Schumann: Faschingsschwank aus Wien, Op. 26
Papanas: Piano Suite No. 1
Schubert/Liszt: Soirée de Vienne No. 7
Liszt: Méphisto Waltz No. 1
Scriabin: Waltz for piano in A flat Major, Op. 38
Ravel: La Valse
Although I tend to enjoy all sub-genres of classical music, the one I am the least fond of has to be the Hapsburg waltz. So I was originally kind of bummed when I noticed that the recital by fast-rising Greek pianist Vassilis Varvaresos last Thursday night revolved around the theme of waltz, or at least dance. A closer look, however, made me realize that, despite their titles, none of the pieces he had selected was a traditional Viennese waltz, so I breathed a huge sigh of relief and promptly made a reservation.
My early commitment turned out to be a clever move because Lincoln Center's wonderfully intimate Merkin Hall can only sit 425 people, and almost twice as many had tried to get a ticket. Thing is, even though Vassilis Varvaresos may not be a household name just yet, the young musician has earned impressive degrees, won prestigious competitions, composed for films and television series, wrote a book, and delivered a wide range of performances around the world, including at the White House. And this is clearly only the beginning.
So barely 48 hours after the wild ride that was Thomas Adès' The Exterminating Angel at the Met, I was getting mentally prepared for a more low-key but no less exciting musical evening with my friend Jayne, whom I incidentally met at the Onassis Cultural Center, the non-profit organization that was supported this concert along with the Hellenic-American Cultural Foundation. We originally felt like we were sticking out big time in the apparently all-Greek crowd, but the unifying power of music quickly helped us blend in.
After the official speeches were done and before the music got started, Vassilis Varvaresos proved to be a charming and insightful host as he was introducing the various works in the program. Then he wasted no time to establish his virtuoso credentials by boldly kicking off the concert with Schumann's "Faschingsschwank aus Wien" (Carnival Scenes from Vienna), a popular concert piece that include five widely different and equally challenging movements in an epic 20-minute stretch.
The opening Allegro was substantial and multi-faceted, almost an entire work in itself. The Romanze was short and tender as if to give pianist and audience a little break before the Scherzino perked things up with plenty of playfulness. The emotionally-charged Intermezzo had a truly lovely melody to it and the Finale exploded with much energy and power. There was clearly nothing there that Varvaresos could not handle, and he delivered an assured performance of it.
If Robert Schumann needs no introduction, contemporary Greek composer Simos Papanas is not that well-known yet, but judging from the Piano Suite No. 1 he wrote for Varvaresos, he certainly has the composing chops needed to reach a larger audience. Inspired by the hypnotic nature of shimmering water and the sentimental sounds of church bells, this new work for piano started wonderfully ethereal and atmospheric until an irresistibly fun and devilishly difficult Macedonian dance whipped it into a thrilling virtuosic frenzy.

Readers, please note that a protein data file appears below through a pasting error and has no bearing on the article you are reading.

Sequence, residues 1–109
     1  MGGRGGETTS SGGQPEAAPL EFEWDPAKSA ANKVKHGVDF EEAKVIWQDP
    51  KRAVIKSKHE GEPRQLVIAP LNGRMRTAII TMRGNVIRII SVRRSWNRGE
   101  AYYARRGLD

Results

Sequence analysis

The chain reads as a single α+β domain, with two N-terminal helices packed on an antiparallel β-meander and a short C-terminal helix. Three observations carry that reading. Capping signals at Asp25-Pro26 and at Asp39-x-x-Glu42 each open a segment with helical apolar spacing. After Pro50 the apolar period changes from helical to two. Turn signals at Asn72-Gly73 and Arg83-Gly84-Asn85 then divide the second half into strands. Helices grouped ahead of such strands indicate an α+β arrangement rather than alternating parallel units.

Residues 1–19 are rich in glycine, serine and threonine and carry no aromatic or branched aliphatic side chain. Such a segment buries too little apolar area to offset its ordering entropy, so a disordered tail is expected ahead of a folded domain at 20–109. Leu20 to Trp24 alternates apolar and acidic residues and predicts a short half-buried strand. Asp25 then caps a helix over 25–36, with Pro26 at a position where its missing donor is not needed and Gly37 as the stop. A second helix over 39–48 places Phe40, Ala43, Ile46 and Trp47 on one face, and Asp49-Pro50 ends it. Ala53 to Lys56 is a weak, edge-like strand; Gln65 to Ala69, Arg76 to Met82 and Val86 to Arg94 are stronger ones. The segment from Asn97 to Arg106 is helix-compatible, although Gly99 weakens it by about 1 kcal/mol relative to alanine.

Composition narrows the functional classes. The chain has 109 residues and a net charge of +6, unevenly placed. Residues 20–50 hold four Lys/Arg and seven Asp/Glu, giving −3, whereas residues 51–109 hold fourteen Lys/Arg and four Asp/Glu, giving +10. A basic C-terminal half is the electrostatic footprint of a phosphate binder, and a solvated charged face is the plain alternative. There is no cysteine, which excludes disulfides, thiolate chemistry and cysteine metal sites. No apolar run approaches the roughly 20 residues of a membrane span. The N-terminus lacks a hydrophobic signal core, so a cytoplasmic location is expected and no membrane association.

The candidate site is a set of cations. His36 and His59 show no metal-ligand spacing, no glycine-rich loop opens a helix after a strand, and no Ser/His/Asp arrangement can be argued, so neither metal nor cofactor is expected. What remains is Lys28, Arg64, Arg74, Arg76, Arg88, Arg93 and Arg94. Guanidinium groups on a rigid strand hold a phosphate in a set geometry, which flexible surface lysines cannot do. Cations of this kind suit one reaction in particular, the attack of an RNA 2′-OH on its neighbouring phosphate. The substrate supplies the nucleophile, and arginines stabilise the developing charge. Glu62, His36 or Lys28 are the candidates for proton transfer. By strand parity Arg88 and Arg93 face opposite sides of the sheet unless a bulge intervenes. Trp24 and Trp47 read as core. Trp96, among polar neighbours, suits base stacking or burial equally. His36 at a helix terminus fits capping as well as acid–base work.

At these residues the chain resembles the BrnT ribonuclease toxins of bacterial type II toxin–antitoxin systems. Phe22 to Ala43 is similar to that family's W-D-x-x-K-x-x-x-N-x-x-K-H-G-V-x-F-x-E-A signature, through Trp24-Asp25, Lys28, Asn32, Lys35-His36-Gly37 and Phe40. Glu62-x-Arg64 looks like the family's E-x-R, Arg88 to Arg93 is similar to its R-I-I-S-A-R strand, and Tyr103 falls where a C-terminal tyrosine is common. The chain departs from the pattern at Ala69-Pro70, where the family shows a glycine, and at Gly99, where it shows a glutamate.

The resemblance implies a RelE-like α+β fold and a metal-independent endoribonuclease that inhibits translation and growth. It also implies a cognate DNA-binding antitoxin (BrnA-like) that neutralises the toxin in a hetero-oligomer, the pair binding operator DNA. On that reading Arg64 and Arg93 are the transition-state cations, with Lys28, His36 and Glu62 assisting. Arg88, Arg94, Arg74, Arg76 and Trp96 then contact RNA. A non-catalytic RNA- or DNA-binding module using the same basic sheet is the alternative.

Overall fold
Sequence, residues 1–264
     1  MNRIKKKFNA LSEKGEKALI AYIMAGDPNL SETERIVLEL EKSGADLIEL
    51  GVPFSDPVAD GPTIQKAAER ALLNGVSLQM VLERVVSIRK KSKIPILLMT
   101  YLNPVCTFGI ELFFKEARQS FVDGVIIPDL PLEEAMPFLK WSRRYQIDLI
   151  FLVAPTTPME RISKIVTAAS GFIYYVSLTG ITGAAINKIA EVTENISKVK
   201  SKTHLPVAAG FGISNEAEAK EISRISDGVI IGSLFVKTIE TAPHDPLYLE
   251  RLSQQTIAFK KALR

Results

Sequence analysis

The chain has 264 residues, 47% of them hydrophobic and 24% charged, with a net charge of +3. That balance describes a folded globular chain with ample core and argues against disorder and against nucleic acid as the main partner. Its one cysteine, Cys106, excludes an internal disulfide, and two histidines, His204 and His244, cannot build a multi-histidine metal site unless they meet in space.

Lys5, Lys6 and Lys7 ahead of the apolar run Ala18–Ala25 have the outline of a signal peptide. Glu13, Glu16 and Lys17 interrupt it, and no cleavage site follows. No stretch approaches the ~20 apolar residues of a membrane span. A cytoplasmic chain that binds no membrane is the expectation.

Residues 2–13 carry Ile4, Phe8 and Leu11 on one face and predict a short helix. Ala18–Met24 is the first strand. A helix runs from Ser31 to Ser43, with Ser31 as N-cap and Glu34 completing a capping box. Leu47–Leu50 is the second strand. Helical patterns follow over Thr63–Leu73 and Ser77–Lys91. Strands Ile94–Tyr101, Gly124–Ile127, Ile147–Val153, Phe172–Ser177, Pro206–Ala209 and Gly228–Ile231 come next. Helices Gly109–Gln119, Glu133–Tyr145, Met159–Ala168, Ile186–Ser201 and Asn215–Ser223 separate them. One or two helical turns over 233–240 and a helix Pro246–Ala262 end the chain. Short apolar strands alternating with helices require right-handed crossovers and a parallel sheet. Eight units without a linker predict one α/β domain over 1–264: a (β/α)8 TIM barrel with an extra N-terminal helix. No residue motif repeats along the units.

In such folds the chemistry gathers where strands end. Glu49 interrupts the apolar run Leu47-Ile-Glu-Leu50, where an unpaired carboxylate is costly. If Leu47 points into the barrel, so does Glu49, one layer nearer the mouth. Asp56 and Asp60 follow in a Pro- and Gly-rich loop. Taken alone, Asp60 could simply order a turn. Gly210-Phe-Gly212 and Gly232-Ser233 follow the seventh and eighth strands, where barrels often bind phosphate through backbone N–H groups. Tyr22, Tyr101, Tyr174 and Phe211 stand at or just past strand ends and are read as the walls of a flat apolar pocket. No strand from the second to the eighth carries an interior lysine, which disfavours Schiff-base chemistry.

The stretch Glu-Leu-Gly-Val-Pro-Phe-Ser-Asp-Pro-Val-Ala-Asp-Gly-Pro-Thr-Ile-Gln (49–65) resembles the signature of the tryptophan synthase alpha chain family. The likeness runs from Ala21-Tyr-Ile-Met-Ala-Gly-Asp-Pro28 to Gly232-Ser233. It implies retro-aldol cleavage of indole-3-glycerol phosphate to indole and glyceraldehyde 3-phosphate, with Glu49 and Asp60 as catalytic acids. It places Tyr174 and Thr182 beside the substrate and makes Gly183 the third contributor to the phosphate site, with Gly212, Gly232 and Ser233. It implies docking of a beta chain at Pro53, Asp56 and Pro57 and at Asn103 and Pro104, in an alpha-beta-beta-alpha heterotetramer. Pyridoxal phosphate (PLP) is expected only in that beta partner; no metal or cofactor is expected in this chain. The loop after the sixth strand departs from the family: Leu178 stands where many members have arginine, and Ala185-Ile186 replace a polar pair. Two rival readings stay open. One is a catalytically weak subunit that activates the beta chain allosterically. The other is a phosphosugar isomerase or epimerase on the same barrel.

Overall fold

The second part of the program consisted of shorter pieces literally inspired by waltzes, but so ingeniously arranged that not much was left of the original dance form. Franz Liszt's personal take on Franz Schubert's "Soirée de Vienne No. 7" turned out to be delightfully quirky. On the other hand, his own "Méphisto Waltz No. 1", which evokes the episode of the "Dance at the village inn" from Nikolaus Lenau’s Faust, unfolded with voluptuous sensuality and colorful drama. Channeling the powerhouse that was Liszt is no easy task for even the most seasoned pianist, so Varvaresos deftly met the challenge by making the two pieces his own and brilliantly succeeded.
At just over five minutes, Alexander Scriabin's Waltz for piano in A-flat Major was a fleeting Romantic pleasure exuding sweet perfumes and pretty melodies. It also went through a wide range of moods, from hesitant to passionate to happy-go-lucky, which Varvaresos unperturbably expressed with impeccable timing and infectious enthusiasm.
The program ended with Maurice Ravel's "La valse", a choreographic poem for orchestra originally conceived for a ballet, but now more often heard as a concert piece. Whether it is a comment on the merciless destruction of World War I, a tribute to Ravel's mother who had just died, or a plain musical score for a ballet, only the composer knows for sure.
The piano version we heard on Thursday evening beautifully preserved the darkness and surrealism that were so prevalent in the original composition, and managed to celebrate the death of the Viennese waltz all by itself with diabolical determination and macabre glee. Who needs a whole orchestra when you have the right pianist?
A bona fide film buff, Varvaresos has composed ten film scores already. He has also come up with a 70-minute composition on a paraphrase from Star Wars (At least nobody can accuse him of thinking small.). As luck would have it, our extended standing ovation earned us a excerpt of it, which needless to say contained the universally famous Star Wars theme, as a formidable encore. On Thursday night, the force was unquestionably with Vassilis Varvaresos.
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